When Duke student Courtney Spence started Students of the World, the organization under whose auspices Lucas Schaefer traveled to Cuba, Fundación Amistad was behind her. When Duke professor Orin Starn took students to Cuba for a six-week Duke-in-Cuba program last May, just as the Elián Gonzalez saga was coming to a close, Fundación Amistad was behind him. And when former Nicholas School of the Environment and Earth Sciences dean Norm Christensen joined a delegation of environmental educators in Cuba, Fundación Amistad was behind him, too.
It isn’t surprising to find these and many other connections between Fundación Amistad and the university. The Fundación’s founder is Maria de Lourdes “Luly” Duke, a native of Cuba, who, with her husband, former university trustee and Duke family member Anthony Duke Hon. ’99, has long been involved in nonprofit and charitable work. According to its mission statement, the Fundación, founded in 1997, was established “to foster mutual understanding between the peoples of the United States and Cuba. To achieve its mission, Fundación Amistad sponsors educational, cultural, and humanitarian exchanges and projects that deepen the appreciation of each other’s heritage and society.”
“When I first went back to Cuba in 1995, after thirty-five years of absence, I really felt that there was a total need to understand the country—and the people of the country—by every American, including Cuban-Americans,” Luly Duke says. “So I set forth to try to do what I could. And from being together with Tony doing work for inner-city youth in New York’s Harlem and East Harlem, I felt that I had a solid background that I could bring to Cuba and help with young people and their needs.”
The Fundación Amistad works in several areas:
• academic, including Casa de las Americas, which has been tied to Duke’s study-abroad program since 1998, and various scholars’ exchanges;
• arts and culture, including joint American-Cuban theater workshops and exchanges for the Seventh Havana Art Biennial and for the preservation of architecture and cultural heritage;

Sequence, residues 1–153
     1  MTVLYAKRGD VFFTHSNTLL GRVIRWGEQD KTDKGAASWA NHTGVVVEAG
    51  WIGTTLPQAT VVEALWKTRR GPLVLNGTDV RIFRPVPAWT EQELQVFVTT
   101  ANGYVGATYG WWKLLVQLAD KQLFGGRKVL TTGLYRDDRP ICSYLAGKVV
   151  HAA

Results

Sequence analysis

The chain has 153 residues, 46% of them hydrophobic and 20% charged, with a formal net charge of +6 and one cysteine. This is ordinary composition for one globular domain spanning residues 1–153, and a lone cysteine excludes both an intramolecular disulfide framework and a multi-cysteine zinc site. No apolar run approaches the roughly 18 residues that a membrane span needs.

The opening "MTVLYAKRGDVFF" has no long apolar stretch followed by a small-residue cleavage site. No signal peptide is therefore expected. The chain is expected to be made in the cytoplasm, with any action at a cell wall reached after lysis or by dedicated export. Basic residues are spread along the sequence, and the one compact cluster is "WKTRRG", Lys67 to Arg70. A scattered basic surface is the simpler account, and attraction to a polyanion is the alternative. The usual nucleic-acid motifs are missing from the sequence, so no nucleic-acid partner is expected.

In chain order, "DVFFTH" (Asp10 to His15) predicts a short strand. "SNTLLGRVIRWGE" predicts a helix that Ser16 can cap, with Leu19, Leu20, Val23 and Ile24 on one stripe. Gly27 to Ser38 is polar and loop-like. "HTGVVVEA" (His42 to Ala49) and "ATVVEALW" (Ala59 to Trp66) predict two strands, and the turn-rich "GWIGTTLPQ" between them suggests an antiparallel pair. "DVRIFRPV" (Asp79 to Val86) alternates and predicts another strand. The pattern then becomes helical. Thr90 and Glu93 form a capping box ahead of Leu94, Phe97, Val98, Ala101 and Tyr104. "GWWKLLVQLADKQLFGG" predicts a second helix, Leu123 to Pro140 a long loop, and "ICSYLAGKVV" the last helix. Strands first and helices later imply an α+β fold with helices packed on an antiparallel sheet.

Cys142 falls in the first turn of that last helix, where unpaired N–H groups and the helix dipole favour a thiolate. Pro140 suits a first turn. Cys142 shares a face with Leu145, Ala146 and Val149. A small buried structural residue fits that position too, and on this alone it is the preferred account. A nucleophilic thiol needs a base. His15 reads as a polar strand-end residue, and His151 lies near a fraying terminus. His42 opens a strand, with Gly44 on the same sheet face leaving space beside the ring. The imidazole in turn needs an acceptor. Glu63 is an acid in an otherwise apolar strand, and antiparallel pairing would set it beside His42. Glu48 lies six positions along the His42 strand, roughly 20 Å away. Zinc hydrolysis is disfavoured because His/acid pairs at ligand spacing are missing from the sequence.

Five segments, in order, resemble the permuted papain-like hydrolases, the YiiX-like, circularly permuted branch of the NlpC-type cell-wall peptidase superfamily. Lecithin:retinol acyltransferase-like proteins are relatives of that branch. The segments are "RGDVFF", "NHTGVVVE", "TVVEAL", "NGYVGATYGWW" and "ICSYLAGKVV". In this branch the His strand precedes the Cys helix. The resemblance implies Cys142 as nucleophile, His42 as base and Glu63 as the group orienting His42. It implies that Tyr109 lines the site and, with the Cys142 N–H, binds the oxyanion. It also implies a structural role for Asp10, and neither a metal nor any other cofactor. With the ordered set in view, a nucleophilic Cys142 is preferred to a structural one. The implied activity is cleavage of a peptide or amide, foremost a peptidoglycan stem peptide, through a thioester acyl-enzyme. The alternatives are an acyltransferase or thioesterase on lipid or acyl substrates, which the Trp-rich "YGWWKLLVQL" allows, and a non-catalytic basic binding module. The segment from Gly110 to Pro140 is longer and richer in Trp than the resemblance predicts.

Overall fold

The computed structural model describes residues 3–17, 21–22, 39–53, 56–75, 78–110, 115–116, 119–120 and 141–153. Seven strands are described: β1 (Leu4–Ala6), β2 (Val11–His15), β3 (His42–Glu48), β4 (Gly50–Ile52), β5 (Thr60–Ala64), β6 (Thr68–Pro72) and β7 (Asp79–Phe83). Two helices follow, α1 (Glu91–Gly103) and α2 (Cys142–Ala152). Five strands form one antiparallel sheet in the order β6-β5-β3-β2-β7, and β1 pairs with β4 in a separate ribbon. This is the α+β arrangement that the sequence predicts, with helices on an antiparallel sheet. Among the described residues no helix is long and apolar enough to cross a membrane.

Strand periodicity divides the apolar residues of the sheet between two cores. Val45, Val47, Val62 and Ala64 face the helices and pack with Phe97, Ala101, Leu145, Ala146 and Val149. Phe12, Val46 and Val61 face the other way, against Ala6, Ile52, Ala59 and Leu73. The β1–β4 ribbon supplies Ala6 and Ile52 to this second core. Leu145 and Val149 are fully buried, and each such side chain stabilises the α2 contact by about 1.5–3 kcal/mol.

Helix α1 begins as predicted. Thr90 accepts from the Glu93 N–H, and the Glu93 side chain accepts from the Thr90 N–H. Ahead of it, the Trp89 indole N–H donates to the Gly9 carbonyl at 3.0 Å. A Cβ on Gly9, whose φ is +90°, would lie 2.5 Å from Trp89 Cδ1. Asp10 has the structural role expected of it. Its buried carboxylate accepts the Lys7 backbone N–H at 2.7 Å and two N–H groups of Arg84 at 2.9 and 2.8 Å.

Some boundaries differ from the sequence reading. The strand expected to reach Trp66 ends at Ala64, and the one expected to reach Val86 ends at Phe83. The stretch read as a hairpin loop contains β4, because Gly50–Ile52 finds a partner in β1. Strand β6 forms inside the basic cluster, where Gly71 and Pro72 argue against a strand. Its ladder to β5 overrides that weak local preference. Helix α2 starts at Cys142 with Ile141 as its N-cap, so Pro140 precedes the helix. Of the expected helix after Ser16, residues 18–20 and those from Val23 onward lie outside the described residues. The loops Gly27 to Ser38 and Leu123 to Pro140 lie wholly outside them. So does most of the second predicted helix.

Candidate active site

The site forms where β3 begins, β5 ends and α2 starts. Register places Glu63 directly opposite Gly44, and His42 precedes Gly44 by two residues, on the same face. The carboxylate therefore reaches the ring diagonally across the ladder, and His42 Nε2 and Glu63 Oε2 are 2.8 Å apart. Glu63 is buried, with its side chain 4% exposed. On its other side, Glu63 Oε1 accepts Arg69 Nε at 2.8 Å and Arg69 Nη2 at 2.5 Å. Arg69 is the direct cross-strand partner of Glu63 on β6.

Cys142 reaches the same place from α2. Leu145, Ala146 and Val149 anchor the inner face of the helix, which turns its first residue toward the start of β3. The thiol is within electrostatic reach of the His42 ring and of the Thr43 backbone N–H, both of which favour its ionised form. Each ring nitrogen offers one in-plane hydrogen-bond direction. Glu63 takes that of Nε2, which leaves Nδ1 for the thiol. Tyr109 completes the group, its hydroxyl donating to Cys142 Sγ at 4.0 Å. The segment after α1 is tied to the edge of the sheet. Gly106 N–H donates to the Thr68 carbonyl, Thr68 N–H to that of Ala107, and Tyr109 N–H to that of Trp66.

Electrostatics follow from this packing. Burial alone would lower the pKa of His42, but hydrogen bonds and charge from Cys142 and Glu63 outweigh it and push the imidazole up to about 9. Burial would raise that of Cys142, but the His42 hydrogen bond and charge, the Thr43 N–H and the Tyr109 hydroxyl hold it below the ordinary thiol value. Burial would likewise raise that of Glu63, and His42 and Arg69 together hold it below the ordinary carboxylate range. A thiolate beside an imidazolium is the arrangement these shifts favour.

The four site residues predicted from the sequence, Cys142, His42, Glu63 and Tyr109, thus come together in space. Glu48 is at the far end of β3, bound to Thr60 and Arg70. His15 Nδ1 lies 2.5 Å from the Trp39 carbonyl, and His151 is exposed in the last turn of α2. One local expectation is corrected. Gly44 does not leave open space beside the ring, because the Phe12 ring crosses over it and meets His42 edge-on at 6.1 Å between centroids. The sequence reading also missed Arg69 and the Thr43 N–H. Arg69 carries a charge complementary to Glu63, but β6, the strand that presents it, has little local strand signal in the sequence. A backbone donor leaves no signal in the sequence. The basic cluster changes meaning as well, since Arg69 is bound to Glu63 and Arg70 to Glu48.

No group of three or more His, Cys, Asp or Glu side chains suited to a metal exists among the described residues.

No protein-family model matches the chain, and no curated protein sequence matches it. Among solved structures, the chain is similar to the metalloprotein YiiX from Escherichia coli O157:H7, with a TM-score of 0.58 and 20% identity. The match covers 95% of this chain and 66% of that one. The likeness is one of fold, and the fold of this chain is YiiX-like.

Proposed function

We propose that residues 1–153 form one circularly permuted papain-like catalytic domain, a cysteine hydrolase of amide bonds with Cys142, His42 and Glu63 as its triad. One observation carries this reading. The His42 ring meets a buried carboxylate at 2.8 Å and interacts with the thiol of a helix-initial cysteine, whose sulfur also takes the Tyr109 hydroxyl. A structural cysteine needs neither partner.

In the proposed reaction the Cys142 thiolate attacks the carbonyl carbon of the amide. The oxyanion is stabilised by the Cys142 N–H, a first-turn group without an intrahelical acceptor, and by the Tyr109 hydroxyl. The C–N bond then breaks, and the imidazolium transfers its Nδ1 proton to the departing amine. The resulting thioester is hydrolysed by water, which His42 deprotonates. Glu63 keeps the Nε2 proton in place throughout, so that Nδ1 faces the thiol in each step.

• health and medicine, including an American Academy of Pediatricians Cuban Initiative and the development of funding for UNICEF’s Clínica del Adolescente;
• and Voices of Change, a year-old project meant to build grass-roots support for moderate Cuban-American positions.
These moderate positions, Duke says, are more widespread throughout the Cuban-American communities than popular stereotypes or a vocal right-wing Cuban-American contingent might admit. “You encounter people that are very much ‘against’; ‘Voices of Change: Looking Towards the Future’ offers a forum for moderate Cuban-Americans who feel that their views are not being heard, so we can get beyond the conservative Cuban-Americans to the policy-making level. There is another voice, and that’s us. We need to move forward. There’s a very emotional level to this issue, and I think people have to arrive at the point where they have to let go and move on. Unfortunately, too many people have not been able to do that.”
Duke says that “letting go” and “moving on” means showing support for the human needs of Cubans—support that can be difficult to generate when the public at large doesn’t see the entire scope of the Cuba issue. The Fundación hopes to change that, through education, exchange, and outreach. “You don’t see the whole picture, you don’t hear the whole picture, you don’t feel the whole picture unless you go there and visit,” she says. “The reality of the Cuban people is very far removed, and their needs are very far removed. I don’t think the embargo has helped very much in that regard.”
“We continue to do workshops and seminars down in Cuba, to really share,” she adds. The Students of the World trip, Norm Christensen’s environmental-education delegation, or a librarians’ exchange such as one Perkins Library’s Hortensia Calvo participated in, can make a difference, allowing people to see past the veil of the embargo. Fundación Amistad was one of the first organizations to receive a U.S. Treasury license allowing them to sponsor such exchanges for “educational programs,” and Duke says there have been no difficulties from either the U.S. or the Cuban government.
New ties are being forged in Durham, where former Tulane professor Nicholas Robins, executive director of Fundación Amistad, will be settling into an office at the John Hope Franklin Center. “We’ve had this connection with Duke forever and a day,” Duke says. “Now we’re going to be able to promote more academic and scientific exchanges.”
Connections have been made with the Latin American Studies program, with which Duke says the Fundación hopes to sponsor conferences and cultural events. The Franklin Center will host a travel conference next year to examine the history and legal context of restrictions on travel to Cuba and prospects for change.
Finally, she says, the Cuban Studies Consortium is being launched at Duke, putting the university in a position to work with Fundación Amistad to foster Cuban studies. “Hopefully, we’ll get different sponsors, and different universities that want to participate, giving professors different places to go.” She envisions a widespread network of schools that would allow Cuban scholars to make the most of what academia in the United States can give.
Despite concerns from some about reprisals from the conservative Cuban-American community, Duke says support for Fundación Amistad and its mission of education and healing has continued to grow. “It’s bringing better understanding between the people, it’s getting trust on both sides, and instilling confidence that we are real people,” she says, “and they are really willing to support these programs.”